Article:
Camacho, No. 05-1394 (Vet. App. 2007)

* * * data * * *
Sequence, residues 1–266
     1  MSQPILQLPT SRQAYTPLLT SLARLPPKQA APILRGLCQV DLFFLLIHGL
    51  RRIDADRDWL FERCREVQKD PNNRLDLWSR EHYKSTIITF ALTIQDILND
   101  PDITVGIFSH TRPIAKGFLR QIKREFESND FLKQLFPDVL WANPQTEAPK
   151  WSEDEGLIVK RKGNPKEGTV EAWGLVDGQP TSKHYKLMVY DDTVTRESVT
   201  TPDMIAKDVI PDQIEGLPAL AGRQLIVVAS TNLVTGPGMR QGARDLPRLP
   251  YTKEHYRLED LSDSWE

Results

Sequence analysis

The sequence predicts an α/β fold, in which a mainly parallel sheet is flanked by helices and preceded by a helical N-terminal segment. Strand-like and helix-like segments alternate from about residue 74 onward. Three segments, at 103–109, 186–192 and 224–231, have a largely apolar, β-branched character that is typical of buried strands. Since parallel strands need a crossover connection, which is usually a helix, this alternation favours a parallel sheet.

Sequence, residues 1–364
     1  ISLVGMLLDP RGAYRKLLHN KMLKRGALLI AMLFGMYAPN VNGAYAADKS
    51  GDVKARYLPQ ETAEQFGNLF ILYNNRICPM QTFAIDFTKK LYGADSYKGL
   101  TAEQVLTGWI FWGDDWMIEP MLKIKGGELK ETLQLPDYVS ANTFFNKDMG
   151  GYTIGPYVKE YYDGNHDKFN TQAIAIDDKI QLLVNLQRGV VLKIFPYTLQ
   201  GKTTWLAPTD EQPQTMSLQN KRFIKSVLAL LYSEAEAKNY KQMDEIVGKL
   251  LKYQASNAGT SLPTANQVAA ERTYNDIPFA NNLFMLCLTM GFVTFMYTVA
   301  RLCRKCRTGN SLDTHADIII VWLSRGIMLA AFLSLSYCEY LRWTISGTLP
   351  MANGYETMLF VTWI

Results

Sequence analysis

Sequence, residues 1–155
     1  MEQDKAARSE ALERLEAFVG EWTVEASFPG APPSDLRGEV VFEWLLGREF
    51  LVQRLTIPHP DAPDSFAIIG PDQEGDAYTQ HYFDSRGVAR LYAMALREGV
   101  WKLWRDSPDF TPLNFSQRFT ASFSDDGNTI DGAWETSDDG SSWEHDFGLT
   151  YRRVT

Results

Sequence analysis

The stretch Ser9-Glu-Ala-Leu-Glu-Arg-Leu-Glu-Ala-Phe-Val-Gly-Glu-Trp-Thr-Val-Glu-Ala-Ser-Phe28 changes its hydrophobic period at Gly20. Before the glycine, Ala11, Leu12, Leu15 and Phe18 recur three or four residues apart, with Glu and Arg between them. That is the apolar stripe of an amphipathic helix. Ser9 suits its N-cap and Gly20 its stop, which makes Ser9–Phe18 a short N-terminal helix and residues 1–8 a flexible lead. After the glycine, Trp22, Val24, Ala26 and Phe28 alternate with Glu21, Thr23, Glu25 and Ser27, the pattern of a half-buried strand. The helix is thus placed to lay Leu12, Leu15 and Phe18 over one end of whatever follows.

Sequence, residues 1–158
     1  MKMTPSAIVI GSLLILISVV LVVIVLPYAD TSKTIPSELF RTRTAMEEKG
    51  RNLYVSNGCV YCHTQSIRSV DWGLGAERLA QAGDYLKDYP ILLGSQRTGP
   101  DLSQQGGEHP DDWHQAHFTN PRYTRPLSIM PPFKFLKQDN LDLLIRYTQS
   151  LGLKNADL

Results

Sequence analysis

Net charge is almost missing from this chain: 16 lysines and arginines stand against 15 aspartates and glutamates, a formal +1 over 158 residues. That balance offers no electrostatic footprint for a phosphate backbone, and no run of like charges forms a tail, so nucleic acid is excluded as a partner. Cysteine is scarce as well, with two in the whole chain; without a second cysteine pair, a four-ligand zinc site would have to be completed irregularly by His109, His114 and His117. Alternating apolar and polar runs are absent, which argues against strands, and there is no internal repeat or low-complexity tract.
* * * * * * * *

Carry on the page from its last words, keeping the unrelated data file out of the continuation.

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UNITED STATES COURT OF APPEALS FOR VETERANS CLAIMS NO . 05-1394 MIGUEL A. CAMACHO , APPELLANT , V. R. JAMES NICHOLSON , SECRETARY OF VETERANS AFFAIRS, APPELLEE. On Appeal from the Board of Veterans' Appeals (Decided July 6, 2007 ) Ronald L. Smith, of Washington, D.C., was on the brief for the appellant. Tim S. McClain, General Counsel; R. Randall Campbell, Assistant General Counsel; Mary Ann Flynn, Principal Deputy Assistant General Counsel; and Davin L. Quinn, all of Washington, D.C., were on the brief for the appellee. Before KASOLD, MOORMAN, and LANCE, Judges. MOORMAN, Judge, filed the opinion of the Court. KASOLD, Judge, filed an opinion concurring in part and dissenting in part. MOORMAN, Judge: The appellant, veteran Miguel A. Camacho, appeals through counsel a February 2, 2005, decision of the Board of Veterans' Appeals (Board) that denied entitlement to an initial disability rating in excess of 20% for diabetes mellitus (diabetes). The parties each filed briefs, and the appellant filed a reply brief. This appeal is timely, and the Court has jurisdiction to review the Board's decision pursuant to 38 U.S.C. §§ 7252(a) and 7266(a). The Board found that the only criterion not established that is necessary for the next higher disability rating, i.e., 40% rating, is whether the evidence demonstrated that the appellant is required to "regulate his activities" within the meaning of 38 C.F.R. 4.119, Diagnostic Code (DC) 7913 (2004). On appeal, we must determine whether a decision by the appellant's employer to disqualify him from driving other individuals at work constitutes a "regulation of activities" within the meaning of DC 7913. Deferring to VA's interpretation of DC 7913, we hold that in order for a claimant to be entitled to a 40% disability rating, the evidence must show that it is medically necessary for a claimant to avoid strenuous occupational and recreational activities. Because the evidence of record does not establish that it was medically necessary for the appellant to regulate his activities due to his serviceconnected diabetes within the meaning of DC 7913, the Court will affirm the February 2005 Board decision. I. FACTS Mr. Camacho served on active duty in the U.S. Army from August 1966 to August 1969. Record (R.) at 13. In December 2000, he filed a claim for service connection for diabetes mellitus. R. at 27. An October 2001 VA examination report noted that he was then currently "taking insulin twice daily, was on a 1500-calorie diabetic diet, and does exercises every day except Thursday." R. at 35. The physician gave the following impression: "Diabetes mellitus type II, insulin dependent. Currently, his blood sugar ranges from 70 to 200. His blood sugar on 10-19-01 was 119, B[UN] 15, [c]reatinine 1.2, albustix negative, H[gb] alc is 8.4, his diabetes is not well controlled." R. at 36. In December 2001, a VA regional office (RO) awarded service connection for diabetes mellitus and assigned a disability rating of 20%. R. at 75-82. Mr. Camacho timely appealed. He submitted an August 2004 letter from his employer, the Department of Veterans Affairs, Medical Center, North Chicago, Illinois (VAMC). The letter stated: "Miguel Camacho is a Motor Vehicle Operator at North Chicago, VA. Part of his duties includes transporting patients. Recently a Motor Vehicle Operator physical was performed. Due to his insulin dependent diabetes, he is disqualified from driving patients." R. at 113. The letter was signed by "Stephanie D. Angelo MSN [(Master of Science in Nursing)], NP [(Nurse Practitioner)], Employee Health Clinic Manager," at the VAMC. R. at 113. Progress notes from the VAMC dated in October 2004 included the following medical assessment of Mr. Camacho: "Type 2 diabetes, uncontrolled with diabetic cardiovascular complications. [O]ne hypoglycemic reactions [sic] before lunch only on days with increased physical activity or when he takes a late lunch[,] otherwise blood sugars are high most of the time specially in am." R. at 116. An addendum from the physician noted the following: "Recently, [a] question has been raised about the safety. I would defer it to [m]edical center administration 2 guidelines. Although, it would be safe if [he] works within the medical center without the responsibility to act as Van driver." R. at 117. In March 2004, progress notes reported: "[Mr. Camacho] exercises maybe three days per week and [he] cannot exercise more than that because of his knee problems and sometimes he says his knee swells up. He also works full time and it is very hard for him to exercise." R. at 120. The notes also report that the examiner advised Mr. Camacho to exercise 6-7 days per week. Id. At a video-conference hearing before the Board in November 2004, Mr. Camacho testified under oath that his diabetes prevents him from doing certain activities. R. at 143-44. He can no longer climb stairs, work as a gardener, or do ground maintenance. Id. He stated: "[B]ecause I'm on insulin, I can't even do my job no more. I can't drive, 'cause they're scared I might pass out which I haven't, you know yet." R. at 143; see R. at 146 ("I can't transfer patients because of my diabet[es]. They seem to think I might pass out."). He testified that he no longer drives a van for the VA hospital and VA now has him working "with fire and safety." R. at 147. He stated that he feels that VA is being discriminatory towards him. R. at 151. In February 2005, the Board denied Mr. Camacho's claim for an initial disability rating in excess of 20% for diabetes mellitus under 38 C.F.R. § 4.119, DC 7913. The Board found that the record did not show that his activities had been regulated. R. at 8. Specifically, the Board found that he met only two of the three criteria for a 40% disability rating: "Although the record reflected that the veteran is required to take daily insulin injections and that he is on a restricted diet, the record does not show that his activities are restricted." R. at 8. As to his employer's decision to restrict his driving, the Board characterized it as a decision of his supervisor (R. at 6) and found that "[t]he record does not indicate that any medical provider has stated that the veteran should not drive" (R. at 8). On appeal, the appellant argues that his disqualification by his employer from driving at work constitutes a "regulation of activities" within the meaning of DC 7913, that this is a question of law for which this Court should apply the de novo standard of review, and that he is entitled to a 40% disability rating. Appellant's Brief (Br.) at 10-12, Reply Br. at 1-2. The Secretary argues that the phrase "regulation of activities" is defined in DC 7913 to mean "avoidance of strenuous occupational and recreational activities." 38 C.F.R. § 4.119, DC 7913 (defining term within criteria for a 100% rating). Secretary (Sec'y) Br. at 6. The Secretary asserts that "regulation of activities" 3 means that "the evidence must show that the claimant's activities, both occupational and recreational, require that he avoid strenuous activity." Sec'y Br. at 6. The Secretary also argues that there is no evidence that any competent medical provider has indicated that the appellant's diabetes is of such severity that he should curtail his activities such as to avoid strenuous activity. Id. The Secretary contends that the appellant's "employer's decision to disqualify him from holding a position that requires driving does not equate to a restriction as provided under DC 7913." Id. at 7. In reply, the appellant agrees with the Secretary's assertion that the definition of "regulation of activities" provided under the 100% disability rating in DC 7913 applies to the 40% disability rating. Reply Br. at 2. He argues that even if he does not fully meet the third criterion for the 40% rating, he should be evaluated 40% disabled because his disqualification by his employer from driving patients results in a serious regulation of his employment and exceeds the requirements for the 20% disability rating. Reply Br. at 3 (citing 38 C.F.R. § 4.7, 4.21 (2005)). II. ANALYSIS The U.S. Supreme Court has held that an agency's interpretation of its own regulations is entitled to substantial deference by the courts. See United States v. Cleveland Indians Baseball Co., 532 U.S. 200 (2001) (cited in Smith v. Nicholson, 451 F.3d 1344, 1349 (2006)). When a court is interpreting an administrative regulation, it "must necessarily look to the administrative construction of the regulation if the meaning of the words used is in doubt." Bowles v. Seminole Rock & Sand Co., 325 U.S. 410, 414 (1945) (quoted in Smith, 451 F.3d at 1350). The administrative construction becomes "of controlling weight unless it is plainly erroneous or inconsistent with the regulation." Id. Applying these principles to the instant case, the Court concludes that the Secretary's interpretation of DC 7913 is not plainly erroneous or inconsistent with the regulation. The Secretary's interpretation of his own regulation, DC 7913, is entitled to substantial deference and the Court will so treat it. A 20% disability rating for diabetes mellitus is warranted when the diabetes requires insulin or an oral hypoglycemic agent and a restricted diet. A 40% disability rating is warranted when the diabetes requires insulin, restricted diet, and regulation of activities. 38 C.F.R. § 4.119, DC 7913 (2006). The Secretary has defined "regulation of activities" in DC 7913 to mean "avoidance of strenuous occupational and recreational activities." 38 C.F.R. § 4.119, DC 4 7913 (defining term within criteria for a 100% rating). Both parties agree that this definition applies to the "regulation of activities" criterion listed for the 40% rating for DC 7913 in the Schedule for Rating Disabilities. The Secretary maintains that his interpretation of DC 7913 regarding the "regulation of activities" criterion requires that "the evidence must show that the claimant's activities, both occupational and recreational, require that he avoid strenuous activity." Sec'y Br. at 6; Reply Br. at 2. Accordingly, a 40% disability rating under DC 7913 is assigned to a claimant who demonstrates by evidence that, inter alia, he or she is required to avoid strenuous occupational and recreational activities. As discussed below, the restriction on both types of activities is a means of showing the severity of the disability. The first question then that must be addressed is whether medical evidence is required to show that occupational and recreational activities have been restricted. The regulatory history for DC 7913 supports the view that, in order to entitle a claimant to a disability rating greater than 20%, it must be shown that a regulation of these activities is medically necessary. 61 Fed. Reg. 20,440 (May 7, 1996). In 1993, VA proposed a revision for DC 7913 so that the degree of impairment is determined according to how well the disease is controlled. 58 Fed. Reg. 5691, 5693 (Jan. 22, 1993). VA proposed "regulation of activities," not further defined, as a criterion at the 100%, 60%, and 40% levels. Id. At that time, the phrase "avoidance of strenuous occupational and recreational activities" was expressly listed as a criteria for the 40% disability rating for diabetes. VA proposed to delete the phrase "since it does not substantially clarify the meaning of careful regulation of activities." Id. In implementing the final rule, however, VA decided to retain the phrase. 61 Fed. Reg. at 20443-43. VA stated that one commenter felt that the proposed deletion of the language made the meaning less clear. VA stated that it agreed with the commenter and was retaining the definition that had been used in the previous rating schedule. Id. VA also noted that the same commenter had said that it is meaningless to include the limitation of activities as a factor in evaluating diabetes mellitus since information of this type is not provided in a VA examination. VA disagreed and stated: "VA Physician's Guide for Disability Evaluation Examinations is meant to insure that all necessary tests are performed and that all findings are provided for diagnosis and/or evaluation to meet the specific requirements of the Schedule for Rating Disabilities and related programs. . . . The Guide will be revised to provide detailed guidelines for examinations reflecting the revised provisions of the rating schedule. It is incumbent upon the rating board to return to the 5 examiner reports that lack information necessary to apply the provisions of the rating schedule (see § 4.2 of 38 C.F.R.)." 61 Fed. Reg. at 20444. The VA Physician's Guide was revised and replaced by the VA Clinician's Guide. The VA Clinician's Guide, like the VA Physician's Guide, is a guide to VA doctors providing generalized direction for the proper conduct of disability examinations. In paragraph 16.5 of the VA Clinician's Guide, it states that an evaluation of diabetes mellitus must "[i]nclude any restrictions of diet or physical activities and any weight loss." U.S. VETERANS CLINICIAN 'S GUIDE , Ch. 16, para. 16.5. Accordingly, any "regulation of activities" is a matter that is to be included in the physician's assessment of a claimant seeking VA disability compensation. See 61 Fed. Reg. at 20444; 38 C.F.R. § 4.1 (2006) ("For the application of this [rating] schedule, accurate and fully descriptive medical examinations are required, with emphasis upon the limitation of activity imposed by the disabling condition."); 38 C.F.R. § 4.10 (2006) ("The basis of disability evaluations is the ability ... to function under the ordinary conditions of daily life including employment"; medical examiner must furnish "full description of the effects of disability upon the person's ordinary activity"). The Court holds that medical evidence is required to support this criterion of a 40% disability rating regulation of activities. The next question for the Court is whether there is a plausible basis for the Board's findings that "there is no medical evidence that the veteran's activities are restricted" and, therefore, a higher initial disability rating of 40% is not warranted under DC 7913. R. at 8; see Johnston v. Brown, 10 Vet.App. 80, 84 (1997) (applying established caselaw that degree of disability under the rating code is a finding of fact subject to the "clearly erroneous" standard of review by this Court); Gilbert v. Derwinski, 1 Vet.App. 49, 53 (1990) (holding that when Court applies the "clearly erroneous" standard, Court may not reverse Board's finding of fact if, after Court reviews the record in its entirety, the finding is supported by a plausible basis). This question turns on whether there is medical evidence of record that supports a finding that the appellant has been instructed to avoid "strenuous occupational and recreational activities." The appellant relies solely on his employer's August 2004 letter as sufficient evidence to show that his diabetes requires "regulation of activities." The letter states: "Due to his insulin dependent diabetes, he is disqualified from driving patients." R. at 113. On this point, the Board recognized that the appellant had been barred from driving 6 patients at his job due to his diabetes mellitus. R. at 8. The Board, however, found that "this was done as a safety precaution for the patients." Id. The Board stated: The record does not indicate that any medical provider has stated that the veteran should not drive. None of the VA outpatient records or examination reports have indicated that the veteran's own personal activities are restricted due to diabetes mellitus. Throughout the medical evidence the veteran has been encouraged to exercise more regularly. Since there is no medical evidence that the veteran's activities are restricted, a higher initial rating of 40 percent [ ] is not deemed warranted under DC 7913. The preponderance of the evidence is against the claim and there is no doubt to be resolved. Ibid. There is a plausible basis for the Board's determination that there is no medical evidence that the appellant's activities are restricted. The August 2004 letter represents the appellant's employer's decision to disqualify him from his duties as a driver for patients at the VAMC based on his insulin dependence. Although this letter is signed by a nurse practitioner, on its face, it is not based on an individualized assessment of the appellant's condition. Rather the Board found that the nurse made these statements in her capacity as the appellant's supervisor rather than in the capacity of a medical professional diagnosing the appellant. R. at 6. Hence, the employer's decision is not competent medical evidence that the appellant's diabetes actually makes him unsafe to drive. See LeShore v. Brown, 8 Vet.App. 406, 409 (1995) (mere repetition of a medical assertion from another source by a medical professional does not amount to a competent medical opinion). Instead, the letter in the record indicates that the appellant was disqualified from driving patients as a policy decision based solely on the fact that he is insulin dependent. R. at 113. Because the disqualification is not based on a medical assessment of the appellant's individual circumstances and symptoms of diabetes, it is not competent medical evidence concerning the severity of the appellant's disability. Accordingly, this evidence does not meet the requirement of DC 7913 that the appellant's diabetes requires that he avoid "strenuous occupational and recreational activities." The Court notes that the record does contain a progress note from the VAMC dated in August 2004 that states that the appellant's diabetes is uncontrolled with diabetic cardiovascular complications and that the physician noted that a question "had been raised" about the "safety" of the appellant's work as a van driver for the VAMC R. at 117. However, the physician stated: "I would defer it to [m]edical center administrative guidelines. Although it would be safe if [he] works 7 within the medical center without the responsibility to act as Van driver." R. at 117. Hence, the doctor clearly stated that he was not offering an opinion on the appellant's ability to drive, but rather was "deferring" to the safety policy imposed by the appellant's employer. In addition, the doctor was not making an assessment that the appellant's condition required that he not drive as a means to control his diabetes or that driving would aggravate his condition. Accordingly, the medical evidence is consistent with the Board's finding that there is no medical evidence that the appellant should not drive due to the severity of his diabetes. Notably, the appellant, who is represented by counsel, is not arguing that, pursuant to 38 C.F.R. § 4.1 or § 4.10, the VA medical examination report was inadequate or that there was a violation of the duty to assist under 38 U.S.C. § 5103A, or even that the Board erred in not returning the report, under 38 C.F.R. § 4.2, as inadequate for evaluation purposes. To the extent that the appellant's employer has barred him from driving without a sound medical basis for doing so, his remedy, if any, lies elsewhere. Congress has authorized the Secretary to pay disability compensation for actual disabilities caused by a veteran's service. See 38 U.S.C. §§ 1110, 1131. Congress has provided remedies under the Rehabilitation Act of 1973, 29 U.S.C. §§ 701-796l, and the Americans with Disabilities Act of 1990, 42 U.S.C. §§ 12101-12213, for discrimination by an employer based on an unfounded perception that a person suffers from a disability. See Sch. Bd. of Nassau County v. Arline, 480 U.S. 273, 279 (1987) (explaining that a person who is perceived as disabled is just as entitled to full protection under these acts against discrimination as a person who actually is disabled). However, neither the Board nor the Court is authorized to hear actions brought under those statutes. As to limitations other than driving, the appellant does not argue that a medical provider has indicated that his diabetes is of such severity that he should curtail his activities such as to avoid strenuous activity. The appellant does not refute the Secretary's argument that there is none. On the contrary, there is evidence that the appellant was being encouraged to be more physically active, such as the March 2004 VAMC progress notes that advised the appellant to exercise 6-7 days per week. R. at 120. At that time, the appellant had informed the physician that he exercises approximately 3 days per week. The physician was, therefore, advising the appellant to increase his weekly exercise program. Hence, the record contradicts any assertion that the appellant was being advised to limit his strenuous activity. 8 Finally, the appellant's argument that, pursuant to 38 C.F.R. § 4.21, he "is not required to demonstrate that he meets all criteria for the next higher rating" lacks merit. Reply Br. at 3. He asserts that he "unquestionably satisfies two of the three criteria for the 40-percent rating." Id. at 3. In light of the conjunctive "and" in the criteria for a 40% disability rating under DC 7913, all criteria must be met to establish entitlement to a 40% rating. See, e.g., Watson v. Dep t of the Navy, 262 F.3d 1292, 1299 (Fed. Cir. 2001) (noting that inclusion of conjunctive and clearly indicates that all three criteria in 5 C.F.R. §§ 831.902 and 842.802 must be demonstrated); Heuer v. Brown, 7 Vet.App. 379, 385 (1995) (holding that criteria expressed in the conjunctive are connected by "and"); Malone v. Gober, 10 Vet.App. 539 (1997) (construing "and" as conjunctive in a statute); cf. Johnson v. Brown, 7 Vet.App. 95, 97 (1994) (holding that "or" in the rating criteria shows that each is an independent basis for granting that rating). Given the clearly conjunctive structure of the language used in specifying the criteria for a 40% disability rating under DC 7913, § 4.21 has no application here. The cases in which the Court has indicated that § 4.21 applies are those in which the diagnostic criteria are not clearly joined in the conjunctive. See Johnson v. Brown, 9 Vet.App. 7 (1996) (involving the 20% disability rating under 38 C.F.R. § 4.71a, DC 5295 (1995) "With muscle spasm on extreme forward bending, loss of lateral spine motion, unilateral, in standing position") (1995)); Quarles v. Derwinski, 3 Vet.App. 129 (1992) (involving the same diagnostic code); Dyess v. Derwinski, 1 Vet.App. 448 (1991) (involving 38 C.F.R. § 4.71a, DC 5276) (1990)). Moreover, if taking insulin and having a restricted diet were sufficient to support a 40% disability rating without restriction of activities, then there would be no reason for "insulin and restricted diet" to be one of the two ways to qualify for a 20% disability rating. 38 C.F.R. § 4.119, DC 7913. Therefore, the appellant's argument must be rejected because it would render part of DC 7913 meaningless. See Splane v. West, 216 F.3d 1058, 1068-69 (Fed. Cir. 2000) ("Canons of construction . . . require us to give effect to the clear language of a [regulation] and avoid rendering any portions meaningless or superfluous."). Although our colleague agrees that the criteria established in DC 7913 for a 40% disability rating for diabetes are conjunctive and, therefore, that a claimant must demonstrate not only that a claimant's diabetes requires insulin and a restricted diet, but also that the diabetes requires that the claimant's activities be regulated, our colleague's analysis essentially reads this latter requirement out of the Secretary's regulation. Based on our colleague's approach, anyone on insulin who works 9 as a "Van driver" at the hospital where Mr. Camacho works automatically meets the additional requirement of a restriction of activities regardless of the severity of the diabetes. In addition, although our colleague agrees that a claimant's activities be regulated such that he avoid strenuous occupational and recreational activities, he equates, without a basis, an employer's guidelines that relate solely to occupational activities with restrictions on an employee's personal or recreational activities. To the extent there is any "incorporation" of the employer's guidelines into the VA medical examiner's report, as suggested by our colleague, those guidelines and the VA medical examiner's report do not discuss any restrictions on Mr. Camacho's recreational or own personal activities, such as his ability to drive himself. The VA medical report specifically refers only to Mr. Camacho's duties as a "Van driver" for the hospital. R. at 117. Pursuant to those guidelines, Mr. Camacho's employer in the August 2004 letter, disqualified him from his duties as a driver for patients based on his insulin dependence. The Board did address this employer-imposed restriction and found that it was done "as a safety precaution for the patients." R. at 8. The employer specifically imposed the restriction on his occupational activities for the safety of the patients; the employer did not express any concern for the safety of Mr. Camacho as he was not precluded from driving his own vehicle on or off hospital property. R. at 113 (August 2004 letter from employer stating: "Due to his insulin dependent diabetes, he is disqualified from driving patients."). Moreover, relying exclusively on the August 2004 letter from his employer for his position that he is entitled to a 40% disability rating, the represented appellant, as noted above, does not argue that the VA medical examiner's report was inadequate for rating purposes and should have been returned by the Board. We do not reach the question whether, for purposes of obtaining a 40% disability rating under DC 7913, medical evidence that restricts a person from driving as a part of his daily activities for his own safety due to uncontrolled diabetes is sufficient to meet the criterion of "regulation of activities" (i.e., claimant is required avoid "strenuous occupational and recreational activities"). The facts presented here and the findings made by the Board require us only to conclude that a decision by Mr. Camacho's employer to disqualify him from driving patients at the hospital where he worked did not constitute a "regulation of activities" of Mr. Camacho within the meaning of DC 7913 because there was no medical evidence that imposed any restrictions on Mr. Camacho's own personal activities and the restriction was imposed solely based on his having "insulin dependent" 10 diabetes. Finally, to be clear, the restriction was imposed because he was "insulin dependent," not because he has uncontrolled diabetes. This distinction is important because something more than insulin dependence is required under DC 7913 to obtain the 40% disability rating and yet insulin dependence was the sole basis for the employer-imposed restriction. Accordingly, reviewing the record in its entirety, the Board's factual determination that the appellant was not entitled to a rating in excess of 20% for diabetes mellitus because his activity was not regulated was not clearly erroneous. See Gilbert, 1 Vet.App. at 53. III. CONCLUSION Upon consideration of the parties' briefs and the record on appeal, the February 2, 2005, Board decision is AFFIRMED. KASOLD, Judge, concurring in part and dissenting in part: I agree with the majority opinion in so far as it holds that the criteria established in DC 7913 for a 40% disability rating for diabetes are conjunctive and that one of those criteria requires that a claimant's activities be regulated such that he avoid strenuous occupational and recreational activities. I disagree, however, with the majority's conclusions that there is a "plausible basis for the Board's determination that there is no medical evidence that the appellant's activities are restricted." See ante at 7. As noted by the majority, 38 C.F.R. § 4.10 (2006) states that the "basis of disability evaluations is the ability . . . to function under the ordinary conditions of daily life including employment" and requires VA medical examiners to furnish a "full description of the effects of disability upon the person's ordinary activity." Additionally, 38 C.F.R. § 4.1 (2006) requires "accurate and fully descriptive medical examinations . . . with emphasis upon the limitation of activity imposed by the disabling condition." In this instance, the VA medical examiner noted that Mr. Camacho's diabetes was uncontrolled and that his ability to drive safely had been questioned. The medical examiner opined that it would be safe for Mr. Camacho to continue to work "within the medical center without the responsibility to act as Van driver" and deferred to the VA medical center guidelines with regard to whether it would be safe for him to drive. R. at 117. Implicit within the VA medical examiner's opinion that Mr. Camacho could continue to work in a non-driving capacity is that he should not be working in a driving capacity. Further, it certainly 11 raises the obvious question of whether Mr. Camacho should be driving at all, whether for work or recreation. This question should have been answered by the VA medical examiner as required by § 4.10. At a minimum, the Board should have sought clarification, and its failure to do so frustrates judicial review, warranting remand.1 See 38 C.F.R. § 4.2 (2006) (when an examination report does not contain sufficient detail, it is incumbent upon the rating board to return the report as inadequate for evaluation purposes ); Bowling v. Principi, 15 Vet.App. 1, 12 (2001) (Board has duty to return inadequate examination report); Stegall v. West, 11 Vet.App. 268, 270-71 (1998) (remanding where VA examination was inadequate for evaluation purposes ); Hicks v. Brown, 8 Vet.App. 417, 421 (1995) (inadequate medical evaluation frustrates judicial review); see also 38 U.S.C. § 7104(d)(1); Allday v. Brown, 7 Vet.App. 517, 527 (1995) (requiring the Board to provide a statement of reasons or bases that enables the claimant to understand the precise basis for the decision and to facilitate review in the Court); Gilbert v. Derwinski, 1 Vet.App. 49, 56-57 (1990). Moreover, inasmuch as the medical examiner was required by regulation to fully describe the effects of Mr. Camacho's diabetes on his ordinary activities and daily life including employment, his deferral to the VA medical center guidelines with regard to whether it would be safe for Mr. Camacho to drive can only be viewed as an adoption or incorporation into his opinion of the restrictions contained in those guidelines. Otherwise stated, any restrictions in the guidelines became part of the VA medical examiner's report and therefore constituted medical evidence. Accordingly, the Board also should have addressed the guidelines and whether they impose restrictions on Mr. Camacho's activities, and further addressed or sought clarification whether a 1 Indeed, the majority's observation that the VA medical examiner was silent with regard to non-duty driving highlights the Board's failure to seek clarification, as well as the inadequacy of the Board's statement of reasons or bases. Moreover, although the majority correctly note that Mr. Camacho did not specifically argue that the medical opinion was inadequate, that does not change the fact that the Board should have sought clarification of the opinion, at a minimum, and that its failure to do so renders the Board's statement of reasons or bases inadequate and therefore not facilitative of review, thus warranting remand. See Allday v. Brown, 7 Vet.App. 517, 527 (1995) (holding that the Board's statement of reasons or bases must be adequate to enable a claimant to understand the precise basis for the Board's decision, as well as to facilitate review in this Court ). Our inability to properly review the Board decision stands as a separate basis for remand and is, by definition, independent of any arguments presented by the parties. See Simmons v. Principi, 17 Vet.App. 104, 115 (2003) (remanding where the Board's decision is not clear enough to permit effective judicial review). 12 restriction on driving at work for safety reasons due to a medical condition necessarily includes a restriction on driving for recreational reasons, and the Board's failure to do so frustrates review. See 38 U.S.C. § 7104(d)(1); Allday and Gilbert, both supra. Similarly, to the extent Mr. Camacho's supervisor relieved him from driving duties in accordance with the VA medical center guidelines, such action, having been deferred to by the VA medical examiner, was, in effect, the physician's own recommendation and therefore a medical restriction on Mr. Camacho's driving (an occupational and daily life activity), thus warranting discussion thereof by the Board. Fenderson v. West, 12 Vet.App. 119, 127 (1999) ( [T]he Board must analyze the credibility and probative value of the evidence, account for the evidence that it finds to be persuasive or unpersuasive, and provide the reasons for its rejection of any material evidence favorable to the veteran. (citing Caluza v. Brown, 7 Vet.App. 498, 506 (1995), aff'd per curiam, 78 F.3d 605 (Fed. Cir.1996))). Perhaps most significantly, I also disagree with the majority's observation that it is not faced with the issue of whether restricting a person from driving because of his insulin dependent diabetes2 is not a medical restriction when done for safety reasons instead of for the limited purpose of controlling or avoiding an aggravation of his diabetes. See ante at 11. This ignores the predominate, underlying fact that the restriction on the driver is imposed not only for the safety of passengers, but also for the safety of the driver. More specifically, we should not overlook the obvious fact that the restriction in this matter was imposed because of the possibility that Mr. Camacho's diabetes could contribute to an accident that, logically, might result in injury to persons including Mr. Camacho. See R. at 117 (medical opinion that it would be safe for Mr. Camacho perform duties other than van driver at the VA medical center); R. at 147 (Mr. Camacho's testimony that he is working "indoors" at the VA medical center). Furthermore, Mr. Camacho had already been diagnosed with insulin dependent diabetes when he began working in the transportation department of the North Chicago 2 The August 3, 2004, letter from Stephanie D'Angelo, the North Chicago VA Medical Center's Employee Health Clinic Manager, states: "Recently a Motor Vehicle Operator physical was performed. Due to his insulin dependent diabetes, [Mr. Camacho] is disqualified from driving patients." R. at 113. 13 VA Medical Center in 2001.3 R. at 35-36. That he worked for at least three years with the same condition for which his driving ultimately was restricted indicates the possibility of a change in his condition that the Board should have discussed or for which it should have sought clarification, and which frustrates our proper review. See Allday, supra. Nothing in statute, VA regulations, or any interpretation provided by the Secretary supports the implicit conclusion of the Board that a restriction for safety reasons imposed because a person has diabetes is somehow not a "regulation of activities" as contemplated by the regulation. Even counsel for the Secretary does not appear to argue this (as opposed to arguing it was not a restriction recommended by a medical provider), but to the extent one may interpret the briefing otherwise, the litigating position of counsel is not the type of agency decision-making that warrants deferral by the Court. See Martin v. Occupational Safety & Health Review Comm'n, 499 U.S. 144, 156 (1991) ("'Litigating positions' are not entitled to deference when they are merely appellate counsel's 'post hoc rationalizations' for agency action, advanced for the first time in the reviewing court."). 3 A 2001 VA Compensation and Pension Examination report reflects that Mr. Camacho was diagnosed with insulin dependent diabetes and that he began using insulin after a diabetic pill was determined to be ineffective in 1996. R. at 35. 14